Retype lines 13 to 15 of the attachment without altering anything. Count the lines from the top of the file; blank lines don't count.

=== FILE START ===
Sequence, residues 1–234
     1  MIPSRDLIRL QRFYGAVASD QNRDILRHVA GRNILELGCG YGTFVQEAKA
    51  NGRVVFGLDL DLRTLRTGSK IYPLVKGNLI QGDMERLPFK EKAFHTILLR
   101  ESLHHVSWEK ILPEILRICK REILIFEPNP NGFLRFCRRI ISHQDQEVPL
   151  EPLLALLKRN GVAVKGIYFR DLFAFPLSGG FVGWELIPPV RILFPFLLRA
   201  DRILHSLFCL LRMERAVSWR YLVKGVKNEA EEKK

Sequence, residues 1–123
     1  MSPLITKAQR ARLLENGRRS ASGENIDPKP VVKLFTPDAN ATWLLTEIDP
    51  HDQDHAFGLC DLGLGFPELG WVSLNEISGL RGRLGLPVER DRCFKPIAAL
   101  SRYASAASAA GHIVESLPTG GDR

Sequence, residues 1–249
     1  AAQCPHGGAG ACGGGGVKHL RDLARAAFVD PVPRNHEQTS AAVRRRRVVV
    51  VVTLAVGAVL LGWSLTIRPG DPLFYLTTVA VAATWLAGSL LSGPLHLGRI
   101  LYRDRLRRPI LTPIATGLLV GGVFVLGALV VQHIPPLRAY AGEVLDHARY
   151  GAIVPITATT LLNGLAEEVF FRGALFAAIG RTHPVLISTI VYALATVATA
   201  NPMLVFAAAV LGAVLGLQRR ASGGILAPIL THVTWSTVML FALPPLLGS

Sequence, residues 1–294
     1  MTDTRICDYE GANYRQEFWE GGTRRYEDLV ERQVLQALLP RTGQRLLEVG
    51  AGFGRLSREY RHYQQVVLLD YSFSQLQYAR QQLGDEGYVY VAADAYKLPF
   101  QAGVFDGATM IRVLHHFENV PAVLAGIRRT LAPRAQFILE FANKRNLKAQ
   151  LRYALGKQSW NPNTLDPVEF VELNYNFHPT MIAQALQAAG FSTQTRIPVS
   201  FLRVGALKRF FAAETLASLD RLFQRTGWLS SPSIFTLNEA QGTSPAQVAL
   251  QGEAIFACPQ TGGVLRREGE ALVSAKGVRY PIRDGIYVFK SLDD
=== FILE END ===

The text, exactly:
    51  VVTLAVGAVL LGWSLTIRPG DPLFYLTTVA VAATWLAGSL LSGPLHLGRI
   101  LYRDRLRRPI LTPIATGLLV GGVFVLGALV VQHIPPLRAY AGEVLDHARY
   151  GAIVPITATT LLNGLAEEVF FRGALFAAIG RTHPVLISTI VYALATVATA